Yoel Fink and his collaborators at MIT, US, have announced a new milestone on the path to functional fibres: fibres that can detect and produce sound. Applications could include clothes that are themselves sensitive microphones, for capturing speech or monitoring bodily functions, and tiny filaments that could measure blood flow in capillaries or pressure in the brain (Nature Materials doi:10.1038/nmat2792).

Ordinary optical fibres are made from a preform, a large cylinder of a single material that is heated up, drawn out and then cooled. By contrast, the fibres developed in Fink's lab derive their functionality from an elaborate geometrical arrangement of several different materials, which must survive the heating and drawing process intact.

The heart of the new acoustic fibres is a plastic commonly used in microphones. By playing with the plastic's fluorine content, the researchers were able to ensure that its molecules remained asymmetric – with fluorine atoms lined up on one side and hydrogen atoms on the other – even during heating and drawing. The asymmetry of the molecules is what makes the plastic piezoelectric, such that it changes shape when an electric field is applied.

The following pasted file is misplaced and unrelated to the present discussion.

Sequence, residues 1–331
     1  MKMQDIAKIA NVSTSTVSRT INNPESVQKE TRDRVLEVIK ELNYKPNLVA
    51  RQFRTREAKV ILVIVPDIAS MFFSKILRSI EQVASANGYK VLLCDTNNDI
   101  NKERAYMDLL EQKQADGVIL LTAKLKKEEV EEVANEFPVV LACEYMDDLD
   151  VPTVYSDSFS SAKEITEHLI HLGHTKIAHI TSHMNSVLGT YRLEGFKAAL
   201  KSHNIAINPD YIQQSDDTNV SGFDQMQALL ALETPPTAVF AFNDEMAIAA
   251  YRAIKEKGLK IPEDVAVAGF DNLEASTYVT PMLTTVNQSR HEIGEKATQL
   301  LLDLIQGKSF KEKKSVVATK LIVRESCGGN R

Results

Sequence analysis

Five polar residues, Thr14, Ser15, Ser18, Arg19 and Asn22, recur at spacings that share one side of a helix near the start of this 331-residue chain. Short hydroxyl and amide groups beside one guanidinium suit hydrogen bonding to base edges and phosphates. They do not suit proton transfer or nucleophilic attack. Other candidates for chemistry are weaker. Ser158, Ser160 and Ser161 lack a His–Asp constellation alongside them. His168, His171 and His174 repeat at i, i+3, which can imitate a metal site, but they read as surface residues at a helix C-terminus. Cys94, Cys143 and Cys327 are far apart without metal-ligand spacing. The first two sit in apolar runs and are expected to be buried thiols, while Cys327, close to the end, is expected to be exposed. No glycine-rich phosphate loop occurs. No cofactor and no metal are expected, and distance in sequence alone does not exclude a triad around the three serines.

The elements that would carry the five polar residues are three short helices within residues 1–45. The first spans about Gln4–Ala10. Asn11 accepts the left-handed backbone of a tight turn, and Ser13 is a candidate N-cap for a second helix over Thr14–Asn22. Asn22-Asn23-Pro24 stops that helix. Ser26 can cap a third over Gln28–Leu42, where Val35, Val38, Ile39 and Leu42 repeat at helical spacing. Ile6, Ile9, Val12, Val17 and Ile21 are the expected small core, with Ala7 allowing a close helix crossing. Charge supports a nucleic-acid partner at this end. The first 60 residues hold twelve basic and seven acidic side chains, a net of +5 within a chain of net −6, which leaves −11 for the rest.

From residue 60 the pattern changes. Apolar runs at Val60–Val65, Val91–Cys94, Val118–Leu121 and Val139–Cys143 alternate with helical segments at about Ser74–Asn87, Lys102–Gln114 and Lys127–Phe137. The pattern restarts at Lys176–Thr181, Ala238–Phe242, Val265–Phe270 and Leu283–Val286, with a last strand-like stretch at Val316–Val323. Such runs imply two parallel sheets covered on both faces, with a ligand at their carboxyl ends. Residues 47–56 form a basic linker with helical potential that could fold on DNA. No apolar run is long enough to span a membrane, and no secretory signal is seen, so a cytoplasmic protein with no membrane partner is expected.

In a conventional piezoelectric microphone, the electric field is generated by metal electrodes. But in a fibre microphone, the drawing process would cause metal electrodes to lose their shape. So the researchers instead used a conducting plastic that contains graphite. When heated, the conducting plastic maintains a higher viscosity than a metal would.

Not only did this prevent the mixing of materials, but, crucially, it also made for fibres with a regular thickness. After the fibre had been drawn, the researchers aligned all of the piezoelectric molecules in the same direction using a powerful electric field. Despite the delicate balance required by the manufacturing process, the researchers were able to build functioning fibres under laboratory conditions.

"You can actually hear these fibres," said Noémie Chocat, a graduate student in the materials science department. "If you connected them to a power supply and applied a sinusoidal current then they would vibrate. And if you make them vibrate at audible frequencies and put it close to your ear, you could actually hear different notes or sounds coming out of them."

In their Nature Materials paper, the researchers measure and detail the fibre's acoustic properties rigorously. Because water conducts sound better than air, they placed it in a water tank opposite a standard acoustic transducer, a device that could alternately emit sound waves detected by the fibre and detect sound waves emitted by the fibre.

Ultimately, the researchers hope to combine the properties of their experimental fibres in a single fibre. Strong vibrations, for instance, could vary the optical properties of a reflecting fibre, enabling fabrics to communicate optically.